25. The Chronicles of Cooperstown (1838) – history

26. The Eclipse (1838) – autobiographical vignette

27. Homeward Bound (1838) – novel

28. Home as Found (1838) – novel

29. History of the Navy (1839) – history

30. The Pathfinder (1840) – novel

31. Mercedes of Castile (1840) – novel

32. The Deerslayer (1841) – novel

33. The Two Admirals (1842) – novel

34. The Wing-and-Wing (1842) – novel

35. Autobiog/Pocket-Handkerchief (1843) – novelette

36. Wyandotté (1843) – novel

37. Ned Myers (1843) – biography

38. Afloat and Ashore (1844) – novel

39. Miles Wallingford (1844) – novel

40. Satanstoe (1845) – novel

41. The Chainbearer (1845) – novel

42. The Redskins (1846) – novel

43. Lives of Disting. Naval Officers (1846) – biography

44. The Crater (1847) – novel

45. Jack Tier (1848) – novel

46. The Oak Openings (1848) – novel

47. The Sea Lions (1849) – novel

48. The Ways of the Hour (1850) – novel

49. The Lake Gun (1850) – short story

50. Upside Down (1850) – play

51. The Towns of Manhattan (1851) – politics

52. Old Ironsides (1851) – history

Look at all those books! He must have been onto something to keep cranking them out. At the very least, the law of averages gives him at least one hit in all these tries.

The Last of the Mohicans is his best known work (see Wikipedia entry, above), and in the spirit of this tribute I have decided to ring up a paragraph from the novel:

On that day, two men were lingering on the banks of a small but rapid stream, within an hour’s journey of the encampment of Webb, like those who awaited the appearance of an absent person, or the approach of some expected event. The vast canopy of woods spread itself to the margin of the river, overhanging the water, and shadowing its dark current with a deeper hue. The rays of the sun were beginning to grow less fierce, and the intense heat of the day was lessened, as the cooler vapors of the springs and fountains rose above their leafy beds, and rested in the atmosphere. Still that breathing silence, which marks the drowsy sultriness of an American landscape in July, pervaded the secluded spot, interrupted only by the low voices of the men, the occasional and lazy tap of a woodpecker, the discordant cry of some gaudy jay, or a swelling on the ear, from the dull roar of a distant waterfall. These feeble and broken sounds were, however, too familiar to the foresters to draw their attention from the more interesting matter of their dialogue. While one of these loiterers showed the red skin and wild accouterments of a native of the woods, the other exhibited, through the mask of his rude and nearly savage equipments, the brighter, though sun-burned and long-faced complexion of one who might claim descent from a European parentage. The former was seated on the end of a mossy log, in a posture that permitted him to heighten the effect of his earnest language, by the calm but expressive gestures of an Indian engaged in debate. His body, which was nearly naked, presented a terrific emblem of death, drawn in intermingled colors of white and black. His closely-shaved head, on which no other hair than the well-known and chivalrous scalping tuft was preserved, was without ornament of any kind, with the exception of a solitary eagle’s plume, that crossed his crown, and depended over the left shoulder. A tomahawk and scalping knife, of English manufacture, were in his girdle; while a short military rifle, of that sort with which the policy of the whites armed their savage allies, lay carelessly across his bare and sinewy knee. The expanded chest, full formed limbs, and grave countenance of this warrior, would denote that he had reached the vigor of his days, though no symptoms of decay appeared to have yet weakened his manhood.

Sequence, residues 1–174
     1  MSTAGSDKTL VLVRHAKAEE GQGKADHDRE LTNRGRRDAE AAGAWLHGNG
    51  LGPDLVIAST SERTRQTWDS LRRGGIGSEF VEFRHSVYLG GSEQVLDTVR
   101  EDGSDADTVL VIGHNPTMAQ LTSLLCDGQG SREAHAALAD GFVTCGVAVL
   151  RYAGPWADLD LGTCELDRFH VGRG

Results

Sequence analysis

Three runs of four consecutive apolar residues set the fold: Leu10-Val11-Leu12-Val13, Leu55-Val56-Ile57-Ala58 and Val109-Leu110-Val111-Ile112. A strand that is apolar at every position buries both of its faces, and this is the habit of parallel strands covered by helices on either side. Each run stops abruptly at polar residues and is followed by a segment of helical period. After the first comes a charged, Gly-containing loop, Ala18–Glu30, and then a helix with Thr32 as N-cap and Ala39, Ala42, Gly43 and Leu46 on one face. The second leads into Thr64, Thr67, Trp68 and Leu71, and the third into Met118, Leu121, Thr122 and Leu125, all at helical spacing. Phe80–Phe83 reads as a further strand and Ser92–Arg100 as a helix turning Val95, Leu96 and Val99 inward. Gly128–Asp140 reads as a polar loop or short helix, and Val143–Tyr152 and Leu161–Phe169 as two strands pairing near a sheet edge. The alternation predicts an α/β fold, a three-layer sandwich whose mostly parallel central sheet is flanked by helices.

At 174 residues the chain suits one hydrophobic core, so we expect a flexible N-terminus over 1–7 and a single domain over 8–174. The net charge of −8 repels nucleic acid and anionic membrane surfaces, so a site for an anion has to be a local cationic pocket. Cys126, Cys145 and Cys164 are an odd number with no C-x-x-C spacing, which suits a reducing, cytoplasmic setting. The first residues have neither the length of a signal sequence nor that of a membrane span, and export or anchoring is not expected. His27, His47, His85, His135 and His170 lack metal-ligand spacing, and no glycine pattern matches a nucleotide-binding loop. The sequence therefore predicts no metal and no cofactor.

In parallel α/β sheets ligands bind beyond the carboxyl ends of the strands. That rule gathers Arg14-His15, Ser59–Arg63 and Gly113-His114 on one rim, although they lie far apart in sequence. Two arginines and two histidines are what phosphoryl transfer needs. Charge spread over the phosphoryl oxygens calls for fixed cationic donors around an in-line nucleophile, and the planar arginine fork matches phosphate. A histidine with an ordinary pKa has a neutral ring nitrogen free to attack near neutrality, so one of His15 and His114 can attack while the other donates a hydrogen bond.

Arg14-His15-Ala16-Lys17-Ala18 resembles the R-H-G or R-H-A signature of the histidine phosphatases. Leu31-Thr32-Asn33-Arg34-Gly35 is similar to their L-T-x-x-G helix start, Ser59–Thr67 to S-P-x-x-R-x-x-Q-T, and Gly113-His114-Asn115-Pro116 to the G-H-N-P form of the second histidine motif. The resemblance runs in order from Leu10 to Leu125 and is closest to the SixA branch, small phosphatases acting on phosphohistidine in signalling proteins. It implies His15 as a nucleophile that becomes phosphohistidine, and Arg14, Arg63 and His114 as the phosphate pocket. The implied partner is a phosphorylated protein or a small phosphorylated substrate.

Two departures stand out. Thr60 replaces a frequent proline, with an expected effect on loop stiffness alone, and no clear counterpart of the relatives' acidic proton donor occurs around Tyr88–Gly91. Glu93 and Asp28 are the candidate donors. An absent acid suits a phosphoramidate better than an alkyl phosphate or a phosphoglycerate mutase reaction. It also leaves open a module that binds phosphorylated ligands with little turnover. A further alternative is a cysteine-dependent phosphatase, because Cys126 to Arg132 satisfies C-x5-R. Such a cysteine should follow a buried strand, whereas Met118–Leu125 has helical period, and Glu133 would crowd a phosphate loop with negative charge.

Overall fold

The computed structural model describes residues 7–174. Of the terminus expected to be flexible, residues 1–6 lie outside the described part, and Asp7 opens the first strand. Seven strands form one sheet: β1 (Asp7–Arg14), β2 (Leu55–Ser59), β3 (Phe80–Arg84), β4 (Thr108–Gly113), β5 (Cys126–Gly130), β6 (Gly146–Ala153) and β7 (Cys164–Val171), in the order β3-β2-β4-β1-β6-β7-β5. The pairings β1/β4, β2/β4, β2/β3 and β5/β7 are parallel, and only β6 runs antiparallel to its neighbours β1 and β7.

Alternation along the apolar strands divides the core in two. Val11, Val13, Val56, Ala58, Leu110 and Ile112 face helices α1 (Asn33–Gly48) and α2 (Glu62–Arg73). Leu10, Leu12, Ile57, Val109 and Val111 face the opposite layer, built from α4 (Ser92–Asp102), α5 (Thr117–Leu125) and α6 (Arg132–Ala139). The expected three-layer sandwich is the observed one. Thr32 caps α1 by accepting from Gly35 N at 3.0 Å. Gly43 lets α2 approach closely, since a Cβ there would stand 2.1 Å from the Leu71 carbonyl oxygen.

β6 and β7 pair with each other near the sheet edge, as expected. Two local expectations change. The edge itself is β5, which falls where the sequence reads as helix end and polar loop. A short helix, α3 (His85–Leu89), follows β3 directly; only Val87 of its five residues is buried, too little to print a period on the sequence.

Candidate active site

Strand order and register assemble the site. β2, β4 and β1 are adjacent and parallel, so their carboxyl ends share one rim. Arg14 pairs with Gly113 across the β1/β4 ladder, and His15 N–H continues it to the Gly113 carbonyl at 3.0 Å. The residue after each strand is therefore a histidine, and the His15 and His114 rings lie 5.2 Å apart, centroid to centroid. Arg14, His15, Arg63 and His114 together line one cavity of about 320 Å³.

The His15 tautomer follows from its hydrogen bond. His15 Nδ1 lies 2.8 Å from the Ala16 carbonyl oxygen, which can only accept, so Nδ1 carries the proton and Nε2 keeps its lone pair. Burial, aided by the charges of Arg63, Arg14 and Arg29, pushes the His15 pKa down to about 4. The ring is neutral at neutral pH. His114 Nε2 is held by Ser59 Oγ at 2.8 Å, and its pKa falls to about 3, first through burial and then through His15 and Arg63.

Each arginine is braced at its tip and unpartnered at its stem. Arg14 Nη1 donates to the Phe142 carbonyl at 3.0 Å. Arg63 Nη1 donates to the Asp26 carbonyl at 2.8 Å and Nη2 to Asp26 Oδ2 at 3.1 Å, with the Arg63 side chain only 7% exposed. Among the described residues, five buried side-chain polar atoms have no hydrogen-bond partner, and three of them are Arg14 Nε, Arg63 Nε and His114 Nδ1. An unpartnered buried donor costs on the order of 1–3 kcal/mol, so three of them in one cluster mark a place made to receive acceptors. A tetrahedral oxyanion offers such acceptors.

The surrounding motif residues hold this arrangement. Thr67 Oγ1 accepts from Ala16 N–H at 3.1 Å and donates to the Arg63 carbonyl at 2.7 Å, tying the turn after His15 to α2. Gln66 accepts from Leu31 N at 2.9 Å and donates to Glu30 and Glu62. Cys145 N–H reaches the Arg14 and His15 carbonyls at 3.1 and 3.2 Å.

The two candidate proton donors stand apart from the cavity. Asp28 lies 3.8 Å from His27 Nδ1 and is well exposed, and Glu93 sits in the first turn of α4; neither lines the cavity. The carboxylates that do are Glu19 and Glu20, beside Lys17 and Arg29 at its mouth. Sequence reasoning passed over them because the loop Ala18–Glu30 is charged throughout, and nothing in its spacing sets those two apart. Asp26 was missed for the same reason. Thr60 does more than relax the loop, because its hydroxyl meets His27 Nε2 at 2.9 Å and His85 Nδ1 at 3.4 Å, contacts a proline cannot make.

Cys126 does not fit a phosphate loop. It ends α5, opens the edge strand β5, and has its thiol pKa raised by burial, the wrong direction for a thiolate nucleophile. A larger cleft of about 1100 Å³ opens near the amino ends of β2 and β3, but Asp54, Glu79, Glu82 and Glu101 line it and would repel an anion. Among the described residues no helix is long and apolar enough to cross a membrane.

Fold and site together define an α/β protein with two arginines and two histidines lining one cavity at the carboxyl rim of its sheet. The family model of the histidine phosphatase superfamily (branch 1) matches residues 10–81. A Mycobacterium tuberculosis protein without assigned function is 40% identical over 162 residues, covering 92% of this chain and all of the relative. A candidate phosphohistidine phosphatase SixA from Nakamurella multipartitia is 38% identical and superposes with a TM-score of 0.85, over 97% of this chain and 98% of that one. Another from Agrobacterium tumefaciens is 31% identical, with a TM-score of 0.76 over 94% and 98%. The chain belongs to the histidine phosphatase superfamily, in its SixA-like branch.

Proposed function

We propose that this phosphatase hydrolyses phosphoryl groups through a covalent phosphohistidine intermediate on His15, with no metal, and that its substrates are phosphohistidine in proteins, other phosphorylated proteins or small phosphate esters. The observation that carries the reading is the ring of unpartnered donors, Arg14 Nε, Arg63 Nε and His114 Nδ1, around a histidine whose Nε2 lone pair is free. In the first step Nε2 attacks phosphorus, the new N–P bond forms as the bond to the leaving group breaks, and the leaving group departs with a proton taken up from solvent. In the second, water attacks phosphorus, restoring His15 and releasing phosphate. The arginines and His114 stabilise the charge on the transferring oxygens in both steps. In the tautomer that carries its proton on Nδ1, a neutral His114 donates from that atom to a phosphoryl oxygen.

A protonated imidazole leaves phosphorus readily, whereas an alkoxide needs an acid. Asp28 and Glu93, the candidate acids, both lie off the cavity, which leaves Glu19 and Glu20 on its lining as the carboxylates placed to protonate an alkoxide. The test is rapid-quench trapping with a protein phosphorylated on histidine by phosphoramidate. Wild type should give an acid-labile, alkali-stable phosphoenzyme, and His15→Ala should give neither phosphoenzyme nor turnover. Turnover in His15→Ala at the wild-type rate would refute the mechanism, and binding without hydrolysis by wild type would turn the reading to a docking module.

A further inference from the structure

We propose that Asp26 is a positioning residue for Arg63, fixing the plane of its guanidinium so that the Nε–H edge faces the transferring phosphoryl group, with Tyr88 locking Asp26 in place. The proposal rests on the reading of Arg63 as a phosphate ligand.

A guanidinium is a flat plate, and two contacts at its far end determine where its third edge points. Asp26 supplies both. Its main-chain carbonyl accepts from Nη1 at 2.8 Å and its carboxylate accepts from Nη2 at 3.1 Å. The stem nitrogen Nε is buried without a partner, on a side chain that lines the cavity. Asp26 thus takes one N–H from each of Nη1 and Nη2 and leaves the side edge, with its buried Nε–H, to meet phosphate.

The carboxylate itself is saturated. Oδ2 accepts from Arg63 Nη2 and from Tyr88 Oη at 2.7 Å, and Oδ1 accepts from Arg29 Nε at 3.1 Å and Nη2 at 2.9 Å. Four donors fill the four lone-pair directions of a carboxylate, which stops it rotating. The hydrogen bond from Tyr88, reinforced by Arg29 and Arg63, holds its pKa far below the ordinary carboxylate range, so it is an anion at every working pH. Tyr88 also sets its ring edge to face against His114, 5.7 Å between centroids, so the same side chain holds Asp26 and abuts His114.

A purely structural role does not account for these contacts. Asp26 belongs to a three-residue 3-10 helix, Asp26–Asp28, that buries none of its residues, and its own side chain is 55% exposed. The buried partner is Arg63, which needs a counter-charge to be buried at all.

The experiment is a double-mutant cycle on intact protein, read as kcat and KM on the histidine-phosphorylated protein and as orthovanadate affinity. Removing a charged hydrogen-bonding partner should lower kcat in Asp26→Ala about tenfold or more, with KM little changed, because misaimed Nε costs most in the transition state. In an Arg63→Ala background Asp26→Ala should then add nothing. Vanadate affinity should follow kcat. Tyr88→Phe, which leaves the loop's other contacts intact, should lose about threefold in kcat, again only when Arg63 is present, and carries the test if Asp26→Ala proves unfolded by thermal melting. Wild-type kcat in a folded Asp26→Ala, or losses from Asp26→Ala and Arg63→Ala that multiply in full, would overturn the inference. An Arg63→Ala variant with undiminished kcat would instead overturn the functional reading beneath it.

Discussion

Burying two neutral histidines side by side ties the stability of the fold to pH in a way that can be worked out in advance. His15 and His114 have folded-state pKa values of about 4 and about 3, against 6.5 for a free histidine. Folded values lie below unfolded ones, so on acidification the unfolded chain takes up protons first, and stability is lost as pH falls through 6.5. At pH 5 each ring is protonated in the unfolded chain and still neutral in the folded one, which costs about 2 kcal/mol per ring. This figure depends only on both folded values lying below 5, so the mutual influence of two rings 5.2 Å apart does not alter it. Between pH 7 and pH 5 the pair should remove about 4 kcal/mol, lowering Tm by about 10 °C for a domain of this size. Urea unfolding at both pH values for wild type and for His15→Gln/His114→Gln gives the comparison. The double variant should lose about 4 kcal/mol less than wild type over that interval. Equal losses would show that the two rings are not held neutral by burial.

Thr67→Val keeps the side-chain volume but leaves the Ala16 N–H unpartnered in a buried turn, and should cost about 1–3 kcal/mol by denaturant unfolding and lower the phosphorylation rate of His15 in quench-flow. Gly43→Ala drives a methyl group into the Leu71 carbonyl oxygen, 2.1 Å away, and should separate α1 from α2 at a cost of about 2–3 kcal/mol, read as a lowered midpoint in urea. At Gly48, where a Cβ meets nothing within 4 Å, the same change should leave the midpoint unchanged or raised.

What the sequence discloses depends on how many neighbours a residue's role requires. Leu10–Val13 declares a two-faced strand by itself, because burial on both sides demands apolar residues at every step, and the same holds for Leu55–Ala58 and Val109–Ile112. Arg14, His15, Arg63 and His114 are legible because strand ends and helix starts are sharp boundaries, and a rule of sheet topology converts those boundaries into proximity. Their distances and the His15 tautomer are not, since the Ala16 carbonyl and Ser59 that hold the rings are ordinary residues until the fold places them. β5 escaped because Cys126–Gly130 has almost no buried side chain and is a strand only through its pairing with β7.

What a solid block of prose. It just impresses with its heft, its bulk, with what looks to be moral fiber. It is the kind of prose that can keep a country regular. One of these days I will have to read it.

But there may be realism issues again. According to Wikipedia:

Cooper named a principal character Uncas after a well-known Mohegan sachem who had been an ally of the English in 17th-century Connecticut. Cooper seemed to confuse or merge the names of the two tribes – Mohegan and Mohican. Cooper’s well-known book helped confuse popular understanding of the tribes to the present day. After the death of John Uncas in 1842, the last surviving male descendant of Uncas, the Newark Daily Advertiser wrote, “Last of the Mohegans Gone”, lamenting the extinction of the tribe.[2] The writer did not realize the Mohegan people still existed. They continue to survive today and are a federally recognized tribe, based in Connecticut.

Yet what are a few details vis-a-vis the spirit of the thing, its unassailable bulk?

But look at J. T. Merrill’s illustration from the 1896 edition:

Geez. I dunno.